The entrance to Japan’s capital, Tokyo Station, is celebrating its centennial and it is never seemed better. The starting point of the nation’s railway system, voyagers in Japan will likely pass by means of this landmark at least one time. Situated in the historical and political centre of the city, Tokyo Station is a destination in its own right. Here are 10 ways it is earned its stripes as a cultural landmark that is safe.
Tokyo Station is an impressive 1,000-feet long (304 meters). It is the busiest station in Japan with regard to amount of trains each day (more than 3,000); 350,000 passengers. The station also apparently brings in more revenue than every other station in Japan. It’s 14 lines, for example, Tokaido Shinkansen, the most heavily traveled high speed train route on the planet.
City coordinators finished a five-year, $625 million renovation of Tokyo Station in the year 2012. At its heart is the red brick Marunouchi Building, featuring reconstructions of two roof domes. Its heart’s European facade is among the few architectural remnants of the past in Tokyo, and symbolizes the nation’s modernization. Eight zodiacal symbols are featured on the inside of the octagonal domes, signifying points on a compass (the tiger points northeast). Some say the Marunouchi Building was made to look like Amsterdam Centraal railway station. Though there is little evidence Tokyo does have also Grand Central Terminal in New York, and sister station arrangements with its Dutch lookalike.
Urban myth or reality? There is a subterranean network rumored to exist in downtown Tokyo, linking significant government buildings. The earliest of these is a passageway linking Tokyo Station together with the Central Post Office, whose first 1930s veneer was restored in the 2012 makeover. From Tokyo Station, passengers can get six neighboring stations via underground paths, with one jaunt. A lot of individuals consider this labyrinthine system was planned as a bomb shelter. Now, with natural disasters a stress that is common, Tokyo Station is among the safest areas to be as a seismic isolation construction protects the whole station, when the World rumbles.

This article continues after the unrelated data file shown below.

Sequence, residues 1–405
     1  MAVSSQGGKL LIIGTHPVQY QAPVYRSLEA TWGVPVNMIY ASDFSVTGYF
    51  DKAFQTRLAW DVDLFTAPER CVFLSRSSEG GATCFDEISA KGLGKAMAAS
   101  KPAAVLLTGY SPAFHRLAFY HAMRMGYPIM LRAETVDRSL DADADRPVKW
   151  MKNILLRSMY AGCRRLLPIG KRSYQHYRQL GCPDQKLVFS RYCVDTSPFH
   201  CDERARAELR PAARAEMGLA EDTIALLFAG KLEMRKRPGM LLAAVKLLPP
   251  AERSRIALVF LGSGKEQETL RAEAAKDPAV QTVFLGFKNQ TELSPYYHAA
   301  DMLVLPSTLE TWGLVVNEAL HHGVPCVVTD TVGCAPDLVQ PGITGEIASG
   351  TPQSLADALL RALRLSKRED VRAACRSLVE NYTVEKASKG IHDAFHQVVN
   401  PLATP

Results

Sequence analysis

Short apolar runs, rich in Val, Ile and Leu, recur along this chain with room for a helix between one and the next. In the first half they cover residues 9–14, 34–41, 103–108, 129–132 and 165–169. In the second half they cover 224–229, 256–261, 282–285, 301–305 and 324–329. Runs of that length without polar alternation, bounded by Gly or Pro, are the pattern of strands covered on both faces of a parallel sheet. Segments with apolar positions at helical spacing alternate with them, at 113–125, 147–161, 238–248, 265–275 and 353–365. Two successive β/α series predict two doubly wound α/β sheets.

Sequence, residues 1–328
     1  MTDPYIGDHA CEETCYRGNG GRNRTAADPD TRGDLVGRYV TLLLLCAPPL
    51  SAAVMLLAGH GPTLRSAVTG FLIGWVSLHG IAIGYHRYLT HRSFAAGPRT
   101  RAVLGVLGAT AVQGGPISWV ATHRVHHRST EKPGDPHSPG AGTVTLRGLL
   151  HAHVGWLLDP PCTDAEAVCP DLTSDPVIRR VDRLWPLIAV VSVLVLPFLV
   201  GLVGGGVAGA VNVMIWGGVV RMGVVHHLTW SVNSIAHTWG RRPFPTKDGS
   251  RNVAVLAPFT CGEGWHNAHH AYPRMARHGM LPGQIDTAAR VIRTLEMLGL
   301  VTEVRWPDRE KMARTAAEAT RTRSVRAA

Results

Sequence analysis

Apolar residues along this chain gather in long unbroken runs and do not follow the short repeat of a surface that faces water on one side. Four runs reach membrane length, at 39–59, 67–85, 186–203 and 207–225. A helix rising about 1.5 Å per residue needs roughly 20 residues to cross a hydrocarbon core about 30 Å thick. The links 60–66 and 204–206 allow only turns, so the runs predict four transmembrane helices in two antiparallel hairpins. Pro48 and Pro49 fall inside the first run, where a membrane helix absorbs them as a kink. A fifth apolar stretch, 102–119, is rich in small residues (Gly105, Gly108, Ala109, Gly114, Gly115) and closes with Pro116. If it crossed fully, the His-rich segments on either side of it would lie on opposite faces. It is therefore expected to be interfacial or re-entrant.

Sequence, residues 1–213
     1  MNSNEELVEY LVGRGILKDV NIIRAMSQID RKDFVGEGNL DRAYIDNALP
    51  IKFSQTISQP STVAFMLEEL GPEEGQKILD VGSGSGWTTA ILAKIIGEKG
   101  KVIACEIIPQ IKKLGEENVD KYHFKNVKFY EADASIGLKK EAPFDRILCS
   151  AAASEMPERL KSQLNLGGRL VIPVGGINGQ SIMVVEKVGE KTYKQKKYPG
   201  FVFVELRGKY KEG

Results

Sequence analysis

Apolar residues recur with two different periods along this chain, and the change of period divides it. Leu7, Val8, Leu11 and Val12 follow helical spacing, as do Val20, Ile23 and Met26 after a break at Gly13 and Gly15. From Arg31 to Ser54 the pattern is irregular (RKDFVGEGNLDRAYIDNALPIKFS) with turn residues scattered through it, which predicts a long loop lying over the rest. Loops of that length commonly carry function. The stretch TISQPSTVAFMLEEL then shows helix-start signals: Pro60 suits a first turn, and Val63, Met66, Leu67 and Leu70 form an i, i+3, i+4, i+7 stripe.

Multilingual tourism heart
Railway business JR East runs a traveling service center at Marunouchi’s north departure offering currency exchange, a baggage storage counter (7:30 a.m.-8:30 p.m.) and even a porter service for the first class set. Free WiFi is accessible (a valuable commodity in Tokyo), in addition to PCs for visitors. In the next JP Tower skyscraper, which houses the Tokyo City is a tourism resource with staff who is able to assist with all travel needs, and walls of leaflets in several languages. The post office upstairs is open all year, with foreign and 24 hour postage -card-friendly ATMs.
Homicide, intrigue, politics … Tokyo Station has seen two assassination attempts on Japanese prime ministers. In 1921, an ultraconservative railway worker stabed to death Takashi Hara. Hara was the first Christian prime minister in Japan, and the very first commoner to hold the office. Nine years later, Osachi Hamaguchi befell a similar fate, just he was shot. He did not die instantly, the subsequent year, succumbing to wounds. Both prime ministers are memorialized with plaques in the station.
Tokyo Station gallery
When this museum reopened in 2012, the aim was to create “a modest but actual gallery.” Now, visitors can take in displays or on design, architecture and topics associated with railways. More than 2.3 million visitors have passed through since the gallery’s opening in 1988. Purchases of JR train tickets help support this museum that is modest but actual.
Vacation light-ups are standard menu for the neon capital. The GranRoof facility close to the Yaesu way out hosts this year’s “Tokyo Colours,” (January 12-February 14), an interactional wonder where lights and music shift based on weather conditions and visitor numbers. There is additionally Tokyo Michi Terrace, an illumination projected on station buildings that chooses a “Memorial Light-up/Taisho Period (1912-1926) Romance” topic, in honor of the station’s birthday.
Road of noodles
No Tokyo discussion would be complete without food. In the station you’ll be able to roam for slurpier, more affordable meals, Tokyo Ramen Street, or through Kitchen Street. Both are located in the Yaesu way out of the station; neither is an actual outside road.
Some of the most acclaimed ramen joints in Tokyo have set up shop here, including Rokurinsha, well-known for its tsukemen (dunking-style noodles). It is better to arrive for breakfast from 7:30-10 a.m. to avoid the crowds.
Yes, ramen for breakfast is a thing in Tokyo.
There is New York outposts Bubby’s or Dean and Deluca for much more normal morning eats. Or, passengers can pick up a ekiben (bento lunch box) on their dashboard to the bullet train.
It is not impossible to spend time, and lots of cash, at Tokyo Station. Supporters of Moomins, Hello Kitty and Pokemon should swing by Tokyo Character Road (again, also not an actual road) for take home trinkets from some 15 stores. For presents that are edible, plenty of themed sweets and the like are accessible, including Brick Bread or Tokyo Terminal Biscuits. And let us not forget Tokyo Banana, the Twinkie’s long lost cousin which has no known connection with the city is extremely popular (and that is quite appetizing).
Tokyo Station Hotel celebrates its 100-year anniversary in 2015. The swanky, European-style building proved to be a social heart following the Great Hanshin Earthquake, as any damage was evaded by Tokyo Station. Political elite assemble here in the days. Room rates begin ($310).